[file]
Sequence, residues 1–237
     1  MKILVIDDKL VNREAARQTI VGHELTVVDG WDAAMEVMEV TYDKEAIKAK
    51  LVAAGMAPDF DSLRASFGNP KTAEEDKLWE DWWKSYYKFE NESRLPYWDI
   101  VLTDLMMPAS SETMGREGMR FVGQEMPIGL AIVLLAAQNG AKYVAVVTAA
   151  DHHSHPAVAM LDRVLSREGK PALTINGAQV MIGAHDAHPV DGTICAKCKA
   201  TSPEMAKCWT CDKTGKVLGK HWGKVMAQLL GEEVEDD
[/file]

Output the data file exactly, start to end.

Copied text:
Sequence, residues 1–237
     1  MKILVIDDKL VNREAARQTI VGHELTVVDG WDAAMEVMEV TYDKEAIKAK
    51  LVAAGMAPDF DSLRASFGNP KTAEEDKLWE DWWKSYYKFE NESRLPYWDI
   101  VLTDLMMPAS SETMGREGMR FVGQEMPIGL AIVLLAAQNG AKYVAVVTAA
   151  DHHSHPAVAM LDRVLSREGK PALTINGAQV MIGAHDAHPV DGTICAKCKA
   201  TSPEMAKCWT CDKTGKVLGK HWGKVMAQLL GEEVEDD